Reviews Chair Nel e-mailed me a few weeks ago and said, “I’ve got a book in that I think is right up your alley. I know you like to cook and you love drag queens.” So a few days later, I got a copy of Mistress Ginger Cooks!, a recipe book that promises everyday vegan food for everyone. Filled with practical tips, gorgeous photos, and over 50 vegan recipes that can be done in a snap, this cookbook is a winner for anyone wanting to stick their toe in the vegan waters or who simply wants to expand their cooking repertoire. And if you bought it instead for the beautiful drag photos and the witty bon mots, you’ll be more than satisfied as well.
First thing, I have to confess that I am not a vegan. At all. I think chicken fingers should probably be a food group or at least have their own holiday. But when you’re reviewing a cookbook, the proof is in how the recipes turn out, so I cooked six different items out of Mistress Ginger Cooks! and served them at two dinner parties over the last few weeks. For the first, I made one of the nine menus that she included in the book, the Latin Binge-O-Rama that included Buddy’s Burrito Bowl with Cheeky Sauce, Goddess Greens, Yam Wedgies, and a Bubbly Bombshell drink. The next week, I made the Scarbrough Stew with Roaston Russell Sprouts and Yam Wedgies. From a shopping perspective, I was able to find everything I needed at a small town supermarket except for nutritional yeast. Thumbing through the rest of the book, there are some specialty items that are needed, but large chunks can be made no matter where you live or what your specialty food access is.
So how did it turn out? I found the recipes to be easy to multitask and to have simple components that came together easily in delicious ways. The colorful food is beautiful to look at, and it tastes great. When I’m serving a mixed group of all carnivores Brussels sprouts, kale, and a vegan stew and every plate comes back to the kitchen clean, I know that it was a winner.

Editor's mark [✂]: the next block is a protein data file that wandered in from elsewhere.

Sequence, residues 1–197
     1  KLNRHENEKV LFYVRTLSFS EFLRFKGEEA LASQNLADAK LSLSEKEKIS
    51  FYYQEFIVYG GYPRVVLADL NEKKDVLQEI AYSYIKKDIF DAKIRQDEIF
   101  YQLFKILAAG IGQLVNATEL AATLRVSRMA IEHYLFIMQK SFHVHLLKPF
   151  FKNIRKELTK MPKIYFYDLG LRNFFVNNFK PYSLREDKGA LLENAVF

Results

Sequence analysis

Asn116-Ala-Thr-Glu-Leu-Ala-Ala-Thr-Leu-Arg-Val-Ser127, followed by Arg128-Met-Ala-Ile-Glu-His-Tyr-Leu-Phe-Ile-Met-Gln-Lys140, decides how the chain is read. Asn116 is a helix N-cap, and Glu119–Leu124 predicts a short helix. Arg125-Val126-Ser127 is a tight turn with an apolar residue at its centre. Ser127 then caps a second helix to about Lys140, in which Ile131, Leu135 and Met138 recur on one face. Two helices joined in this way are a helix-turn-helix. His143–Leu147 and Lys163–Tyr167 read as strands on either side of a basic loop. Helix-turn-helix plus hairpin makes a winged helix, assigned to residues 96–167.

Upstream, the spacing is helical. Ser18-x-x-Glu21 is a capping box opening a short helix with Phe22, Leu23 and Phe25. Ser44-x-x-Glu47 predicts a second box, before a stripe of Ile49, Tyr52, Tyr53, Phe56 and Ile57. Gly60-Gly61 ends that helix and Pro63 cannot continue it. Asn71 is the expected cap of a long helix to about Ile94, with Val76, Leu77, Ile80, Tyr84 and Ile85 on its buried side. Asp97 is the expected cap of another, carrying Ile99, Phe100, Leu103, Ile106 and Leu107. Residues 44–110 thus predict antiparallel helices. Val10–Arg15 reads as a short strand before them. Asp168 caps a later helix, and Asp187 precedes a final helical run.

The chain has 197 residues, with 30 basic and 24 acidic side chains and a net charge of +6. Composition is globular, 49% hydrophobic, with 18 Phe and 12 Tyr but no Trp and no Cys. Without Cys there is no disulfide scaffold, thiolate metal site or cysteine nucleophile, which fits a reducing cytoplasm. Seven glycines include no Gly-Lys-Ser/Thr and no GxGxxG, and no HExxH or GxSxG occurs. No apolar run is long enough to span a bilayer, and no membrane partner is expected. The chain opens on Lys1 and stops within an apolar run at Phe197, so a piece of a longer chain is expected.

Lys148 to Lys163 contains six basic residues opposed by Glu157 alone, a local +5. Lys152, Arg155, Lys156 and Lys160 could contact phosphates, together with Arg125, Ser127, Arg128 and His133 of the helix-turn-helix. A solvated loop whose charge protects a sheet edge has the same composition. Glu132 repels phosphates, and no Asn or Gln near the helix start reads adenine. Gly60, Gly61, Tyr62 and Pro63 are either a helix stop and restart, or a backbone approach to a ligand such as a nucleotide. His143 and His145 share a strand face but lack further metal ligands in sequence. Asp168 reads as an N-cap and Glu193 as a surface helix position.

On top of the delicious food, the book is well-laid out and easy to follow. Each recipe is topped with a bit of flavor text from Mistress Ginger as she talks about where the recipe came from or why she included it. These humorous bits give a lighthearted air throughout the book a lighthearted air. The ingredient lists are always in the left hand column while the instructions are given in a narrative format. While this may frustrate some (who may prefer numbered lists in recipes), I found these recipes to be simple enough and the narrative straightforward enough that I had no problem with it.
Mistress Ginger spends a little time talking about why she is vegan and animal rights, but she keeps these sections short. She points people towards resources but admits that she wants this cookbook to be fun so she states her reasons and moves on. The sections that provide quick introductions to vegan specialty foods is also very helpful as well. Overall, this cookbook delivers on what it promises: vegan food that anyone can prepare on any day of the week without a huge investment of time and energy. Oh, and it’s delicious, too.
This book is recommended for libraries that collect cookbooks, those interested in providing resources for specialty diets, and those that collect LGBT or drag-oriented materials. While not super heavy on the technical side of cooking or drag culture, the book is accessible, fun, and beautiful, making it a great addition to many different types of collections.